Elizabeth Hunter provides a reminder that Christmas was once less familial, more political:
At the time the poem was written, disturbance on the lawn on Christmas Eve would have been not magical, but threatening, likely caused by drunken youths roaming the neighborhood, demanding gifts from respectable householders.
This was an echo of older traditions, also subversive, which saw tenants and serfs demanding gifts and being given law-like powers in this “season of misrule.”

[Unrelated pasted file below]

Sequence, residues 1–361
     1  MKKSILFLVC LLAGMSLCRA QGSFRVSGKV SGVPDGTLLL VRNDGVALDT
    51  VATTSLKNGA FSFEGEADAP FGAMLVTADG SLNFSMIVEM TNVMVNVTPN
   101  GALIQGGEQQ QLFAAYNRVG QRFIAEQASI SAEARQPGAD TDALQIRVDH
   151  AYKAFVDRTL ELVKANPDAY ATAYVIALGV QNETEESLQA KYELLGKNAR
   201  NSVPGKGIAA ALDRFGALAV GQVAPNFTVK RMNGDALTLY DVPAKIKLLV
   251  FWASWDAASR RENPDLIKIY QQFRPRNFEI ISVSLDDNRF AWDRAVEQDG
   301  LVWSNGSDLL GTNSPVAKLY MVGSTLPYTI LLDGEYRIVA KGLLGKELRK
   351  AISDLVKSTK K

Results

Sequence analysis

Some regiments of the British Army still maintain the practice of officers serving men in the mess on Christmas Day. Stephen Nissenbaum’s book “The Battle for Christmas” tells the story of this transformation of Christmas from an “unruly carnival season” to the quintessential, apolitical family holiday.
Christmas then, before being domesticated by the Victorians, was a profoundly political time.
Steve Holmes, a theologian at the University of St Andrews, argues that this political edge is entirely congruent with the biblical stories of the nativity.